Smartphones missing the cloud

Published in El Pais, 5 June 2018.

Cloud storage has really revolutionized the way we keep our documents. No matter where we are, no matter what device you are using, if you are connected to the internet you have access to your files. No emailing yourself, no carrying around a flash drive that you can lose or break. It is no wonder that most computer manufacturers utilize cloud storage into their device as a selling point but for some reason it still is not being utilized by phones.

Now to be fair both Apple and Samsung offer cloud storage for their products, but it is so limited that users mostly use it to extend the total storage on their device. Since its introduction in 2012, iCloud has offered no more than 5GB to its users for free. Samsung cloud is not much better with only 15 GB before having to pay for more. This seems puzzling for companies whose flagship phones being offered with no less then 64GB of storage and whose sophistication is becoming so complex that something as simple as a photo will still take up a few MBs.

This is an area that Google is trying to capitalize on. Realizing the frustration consumers are feeling, they are offering unlimited storage for photos and videos on their cloud server for Pixel users, telling anyone considering the Pixel as their next phone that they will never run out of storage. Google of course is no small company, but it is still a small player in the smart phone market, only selling 3.9 million phones in 2017, close to what Apple sells in a week, so it is unlikely to set a new standard anytime soon.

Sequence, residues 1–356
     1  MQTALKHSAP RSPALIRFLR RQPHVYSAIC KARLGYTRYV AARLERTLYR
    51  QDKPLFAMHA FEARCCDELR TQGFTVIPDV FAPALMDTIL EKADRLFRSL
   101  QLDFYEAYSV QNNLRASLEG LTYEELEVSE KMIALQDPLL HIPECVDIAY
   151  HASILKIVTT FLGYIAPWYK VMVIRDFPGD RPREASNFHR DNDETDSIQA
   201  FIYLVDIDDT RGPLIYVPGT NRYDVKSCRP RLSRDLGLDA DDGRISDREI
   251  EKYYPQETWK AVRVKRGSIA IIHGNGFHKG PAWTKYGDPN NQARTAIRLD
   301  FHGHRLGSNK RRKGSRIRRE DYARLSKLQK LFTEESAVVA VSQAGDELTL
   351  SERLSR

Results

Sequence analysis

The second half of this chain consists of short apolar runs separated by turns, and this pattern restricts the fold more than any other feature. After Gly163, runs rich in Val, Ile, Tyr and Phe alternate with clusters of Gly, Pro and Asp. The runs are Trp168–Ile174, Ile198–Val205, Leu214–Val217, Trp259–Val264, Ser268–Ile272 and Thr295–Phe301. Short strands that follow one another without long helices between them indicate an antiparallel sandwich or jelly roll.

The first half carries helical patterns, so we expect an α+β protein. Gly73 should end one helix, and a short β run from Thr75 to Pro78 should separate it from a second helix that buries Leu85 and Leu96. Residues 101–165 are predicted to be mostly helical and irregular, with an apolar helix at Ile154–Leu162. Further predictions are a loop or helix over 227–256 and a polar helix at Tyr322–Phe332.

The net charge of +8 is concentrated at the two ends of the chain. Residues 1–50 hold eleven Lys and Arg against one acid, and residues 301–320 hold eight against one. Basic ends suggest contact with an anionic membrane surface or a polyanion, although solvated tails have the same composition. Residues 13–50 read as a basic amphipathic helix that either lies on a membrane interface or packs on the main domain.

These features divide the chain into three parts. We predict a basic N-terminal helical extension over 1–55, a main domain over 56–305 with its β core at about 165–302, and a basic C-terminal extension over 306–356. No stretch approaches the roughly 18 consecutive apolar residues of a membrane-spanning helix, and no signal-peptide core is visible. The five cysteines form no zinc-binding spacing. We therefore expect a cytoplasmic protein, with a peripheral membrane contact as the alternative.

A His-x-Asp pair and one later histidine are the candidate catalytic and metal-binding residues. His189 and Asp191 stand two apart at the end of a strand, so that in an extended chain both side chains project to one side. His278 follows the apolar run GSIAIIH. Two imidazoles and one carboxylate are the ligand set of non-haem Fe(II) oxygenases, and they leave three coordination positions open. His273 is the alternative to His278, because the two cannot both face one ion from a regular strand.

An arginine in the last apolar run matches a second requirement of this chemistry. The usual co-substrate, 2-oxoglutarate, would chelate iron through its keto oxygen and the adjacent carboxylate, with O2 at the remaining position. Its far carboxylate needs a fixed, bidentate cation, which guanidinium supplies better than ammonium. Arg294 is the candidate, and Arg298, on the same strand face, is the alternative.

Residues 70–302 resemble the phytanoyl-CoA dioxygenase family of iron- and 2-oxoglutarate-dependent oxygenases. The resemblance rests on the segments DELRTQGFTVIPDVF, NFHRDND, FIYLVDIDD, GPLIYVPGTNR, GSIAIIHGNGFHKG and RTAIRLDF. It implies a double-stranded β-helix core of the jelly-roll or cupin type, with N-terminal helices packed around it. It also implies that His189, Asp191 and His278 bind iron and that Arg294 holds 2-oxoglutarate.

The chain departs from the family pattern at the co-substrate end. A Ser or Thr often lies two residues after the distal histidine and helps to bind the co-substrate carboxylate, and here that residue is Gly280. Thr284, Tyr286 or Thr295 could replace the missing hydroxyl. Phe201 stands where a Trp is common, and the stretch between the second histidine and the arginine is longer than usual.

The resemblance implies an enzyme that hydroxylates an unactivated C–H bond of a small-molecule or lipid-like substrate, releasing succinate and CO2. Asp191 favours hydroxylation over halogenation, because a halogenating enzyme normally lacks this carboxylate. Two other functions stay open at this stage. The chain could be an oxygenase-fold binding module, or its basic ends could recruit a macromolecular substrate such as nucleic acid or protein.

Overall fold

These companies are not deaf to these complaints, they simply have no incentive to increase the amount of storage being offered. Apple charges a huge markup for storage upgrades, charging $150 for a part that costs less than a third of that. Not to mention the positive impact iCloud subscription has had on its revenue.

Neither Apple or Samsung are going to follow Google’s model of unlimited cloud storage anytime soon, but its time for these two to at least consider upgrading the free starter package to a respectable amount. Given the rise of importance, the first one to do so may be given an edge over the highly competitive smartphone market.

About Matthew Glezos 123 Articles
Matthew is Canadian and has a Master in Business Administration. He has international experience in marketing and strategy. He has a strong interest in technology and combines it with the business side.

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